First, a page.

The ability to succeed in the newly emerging oral health care system requires skills that were not emphasized in in dental school in past years. The clinical skills acquired since graduation, including the development and use of lasers, are only part of the story. The successful dentist of today and the future has to be innovative, entrepreneurial and effective in leading a team. The team may be limited to your office staff or as broad as colleagues you work with in your communities or professional associations. This requires a special set of skills that many current and new dentists don’t anticipate needing or practicing to succeed. The process begins with establishing a level of trust/integrity, respect and transparency in all of your relationships especially with your team members. Most importantly remember, life is a team sport!
Dr. Dillenberg is Dean Emeritus of A.T. Still University’s Arizona School of Dentistry & Oral Health (ASDOH) after serving fifteen years as the Inaugural Dean. He received his Master’s Degree in Public Health from the Harvard School of Public Health and completed his dental education at New York University, College of Dentistry.
Prior to joining ASDOH, Dr. Dillenberg was Associate Director for public health programs in the California Department of Health Services and prior to that served as an Area Health Officer serving the west area of the Los Angeles County Department of Health Services.
During most of the 1990s, Dr. Dillenberg served in several capacities in the Arizona Department of Health Services, including Director and Assistant Director for the Division of Family Health Services.
Dr. Dillenberg is the recipient of a great number of honors and awards, including the Arizona Medical Association Humanitarian of the Year, the Fresh Start Foundation Man of the Year, the Harvard School of Public Health Alumni Award of Merit and the Lifetime Achievement Award from the American Association of Developmental Medicine and Dentistry. Dr. Dillenberg is recognized at the local, state, and national levels as an expert in the area of public health leadership, health program development, social marketing, oral health issues, health center design, training of community health workers, community organizing and lecture presentations. He is also a member of the American Dental Association, the American Association of Public Health Dentistry, the American Dental Education Association, the Delta Omega Public Health Honor Society, as well as many others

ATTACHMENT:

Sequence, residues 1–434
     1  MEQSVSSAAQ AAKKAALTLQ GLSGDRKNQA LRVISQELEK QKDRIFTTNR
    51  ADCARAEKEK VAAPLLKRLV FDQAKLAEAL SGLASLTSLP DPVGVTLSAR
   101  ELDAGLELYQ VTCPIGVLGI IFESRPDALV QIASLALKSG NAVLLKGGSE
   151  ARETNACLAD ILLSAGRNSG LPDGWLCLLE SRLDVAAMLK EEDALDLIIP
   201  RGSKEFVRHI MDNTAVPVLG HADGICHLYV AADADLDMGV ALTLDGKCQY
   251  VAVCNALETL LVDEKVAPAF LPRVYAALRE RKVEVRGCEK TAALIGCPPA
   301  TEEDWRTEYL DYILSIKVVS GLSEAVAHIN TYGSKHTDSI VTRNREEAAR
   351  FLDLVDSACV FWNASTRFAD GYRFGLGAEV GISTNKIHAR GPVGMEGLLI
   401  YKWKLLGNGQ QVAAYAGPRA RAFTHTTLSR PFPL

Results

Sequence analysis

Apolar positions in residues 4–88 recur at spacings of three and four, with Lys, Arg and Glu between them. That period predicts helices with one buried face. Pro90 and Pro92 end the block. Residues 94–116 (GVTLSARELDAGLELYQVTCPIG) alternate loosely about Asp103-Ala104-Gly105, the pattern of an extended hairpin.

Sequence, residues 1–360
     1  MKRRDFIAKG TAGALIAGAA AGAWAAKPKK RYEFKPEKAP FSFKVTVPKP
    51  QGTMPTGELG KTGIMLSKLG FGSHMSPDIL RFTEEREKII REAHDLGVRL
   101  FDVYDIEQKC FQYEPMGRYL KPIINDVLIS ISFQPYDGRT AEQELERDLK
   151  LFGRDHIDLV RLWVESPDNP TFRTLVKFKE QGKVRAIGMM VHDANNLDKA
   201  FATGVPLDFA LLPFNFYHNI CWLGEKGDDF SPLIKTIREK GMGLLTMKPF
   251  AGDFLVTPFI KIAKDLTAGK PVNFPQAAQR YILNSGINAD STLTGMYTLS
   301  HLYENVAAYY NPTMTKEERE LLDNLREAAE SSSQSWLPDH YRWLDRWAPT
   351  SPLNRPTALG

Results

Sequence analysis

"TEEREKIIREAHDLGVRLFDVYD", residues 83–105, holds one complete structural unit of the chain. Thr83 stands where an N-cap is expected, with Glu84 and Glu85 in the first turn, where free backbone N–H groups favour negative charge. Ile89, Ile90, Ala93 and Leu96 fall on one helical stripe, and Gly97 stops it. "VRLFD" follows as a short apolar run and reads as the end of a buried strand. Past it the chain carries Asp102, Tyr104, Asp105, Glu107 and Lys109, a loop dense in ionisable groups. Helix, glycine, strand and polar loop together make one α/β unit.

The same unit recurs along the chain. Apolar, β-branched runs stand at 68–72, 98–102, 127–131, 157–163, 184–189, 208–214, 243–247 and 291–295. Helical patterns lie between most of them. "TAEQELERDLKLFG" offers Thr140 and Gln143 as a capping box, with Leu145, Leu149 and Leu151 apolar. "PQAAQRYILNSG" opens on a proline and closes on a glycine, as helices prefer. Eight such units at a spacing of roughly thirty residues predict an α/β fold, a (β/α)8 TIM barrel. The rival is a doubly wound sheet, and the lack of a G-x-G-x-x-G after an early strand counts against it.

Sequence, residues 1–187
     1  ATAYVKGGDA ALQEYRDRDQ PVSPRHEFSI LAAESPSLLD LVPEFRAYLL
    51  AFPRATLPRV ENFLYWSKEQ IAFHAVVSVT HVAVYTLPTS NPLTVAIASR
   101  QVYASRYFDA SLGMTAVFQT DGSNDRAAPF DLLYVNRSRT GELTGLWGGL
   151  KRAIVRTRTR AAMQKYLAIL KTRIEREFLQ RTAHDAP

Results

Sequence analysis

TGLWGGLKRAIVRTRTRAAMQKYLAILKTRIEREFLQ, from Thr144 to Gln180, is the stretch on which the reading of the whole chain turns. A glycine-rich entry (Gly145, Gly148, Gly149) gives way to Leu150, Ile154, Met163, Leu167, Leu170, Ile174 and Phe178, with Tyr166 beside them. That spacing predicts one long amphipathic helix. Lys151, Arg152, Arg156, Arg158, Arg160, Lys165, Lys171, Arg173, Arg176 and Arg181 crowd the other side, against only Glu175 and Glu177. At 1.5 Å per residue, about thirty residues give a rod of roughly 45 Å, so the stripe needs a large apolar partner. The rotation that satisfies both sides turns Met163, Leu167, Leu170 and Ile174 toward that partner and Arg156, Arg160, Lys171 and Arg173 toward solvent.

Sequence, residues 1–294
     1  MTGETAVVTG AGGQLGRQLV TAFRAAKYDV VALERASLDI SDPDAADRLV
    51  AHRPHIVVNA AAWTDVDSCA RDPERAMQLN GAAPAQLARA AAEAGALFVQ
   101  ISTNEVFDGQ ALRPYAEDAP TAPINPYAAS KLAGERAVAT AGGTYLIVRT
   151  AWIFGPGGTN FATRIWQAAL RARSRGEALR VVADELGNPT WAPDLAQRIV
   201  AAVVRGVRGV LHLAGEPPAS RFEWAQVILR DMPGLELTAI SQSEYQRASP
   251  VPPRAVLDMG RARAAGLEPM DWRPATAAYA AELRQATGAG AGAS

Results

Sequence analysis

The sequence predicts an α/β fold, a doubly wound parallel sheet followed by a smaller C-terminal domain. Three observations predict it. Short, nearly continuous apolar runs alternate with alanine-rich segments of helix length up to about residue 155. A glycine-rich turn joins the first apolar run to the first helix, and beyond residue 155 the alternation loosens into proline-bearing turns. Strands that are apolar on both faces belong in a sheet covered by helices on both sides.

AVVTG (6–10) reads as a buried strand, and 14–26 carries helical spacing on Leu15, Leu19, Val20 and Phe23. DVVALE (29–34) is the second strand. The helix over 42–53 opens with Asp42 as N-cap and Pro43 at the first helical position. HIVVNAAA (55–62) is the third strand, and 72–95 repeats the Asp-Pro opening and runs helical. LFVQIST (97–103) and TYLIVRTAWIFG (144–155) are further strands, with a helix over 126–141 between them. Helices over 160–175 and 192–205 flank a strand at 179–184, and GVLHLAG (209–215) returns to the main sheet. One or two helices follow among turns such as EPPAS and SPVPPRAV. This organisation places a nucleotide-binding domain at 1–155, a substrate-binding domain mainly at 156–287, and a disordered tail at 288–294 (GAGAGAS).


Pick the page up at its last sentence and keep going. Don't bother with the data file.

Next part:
Dr. Dillenberg serves as the Board President of Global Smiles For All a 501c3 nonprofit making a difference in global oral health. He also serves as the Global Ambassador for the American Association of Developmental Medicine and Dentistry, and currently is the Board Chairman for both the Center for Oral Health and the Brighterway Institute. He was recently elected to the Town Council of Jerome, Arizona.
Robert A. Strauss DDS, MD, FACS
Keynote: Laser physics for poets: how the good practitioner uses basic principles for the best clinical laser results
As a surgical modality, lasers have many advantages over cold steel or electrocautery. However, using a laser in the same manner as either of these will result in unpredictable, erratic and potentially very poor results. Understanding that laser use is based strictly on the physics of light energy, one can apply a few very basic physics concepts to obtain repeatable, predictable and positive results. This lecture will discuss the “Big 3” techniques to using surgical lasers and how to manage power, time and spot size to maximize efficiency while limiting lateral thermal damage.
Robert A. Strauss, DDS, MD, FACS, Professor and Director of the Residency Training Program in Oral and Maxillofacial Surgery at the Virginia Commonwealth University Medical Center, and Past President of the American College of Oral and Maxillofacial Surgeons. Dr. Strauss is Board Certified by the American Board of Oral and Maxillofacial Surgery and is a former Chair of the Major Surgery Section of the Board. Over the last 30 years he has authored numerous publications and textbook chapters on the use of lasers in oral and maxillofacial surgery.
Dr. Strauss received his dental degree from the University of Buffalo and his medical degree from the UHSA School of Medicine. He completed his internship at the Buffalo General Hospital and residencies in both Oral and Maxillofacial Surgery and in Anesthesiology at the Michael Reese Medical Center in Chicago.
Dr. Strauss specializes in laser surgery of the head and neck, facial and jaw reconstructive surgery, cosmetic facial surgery, and sleep apnea surgery. His research interests include laser and cosmetic surgery, sleep apnea, anesthesia and orthognathic and reconstructive surgery.
Soroush Zaghi, MD
Keynote: A Brief History of Case & Clinical Studies in Sleep and Airway Disorders From Tracheotomy to Frenectomy and Beyond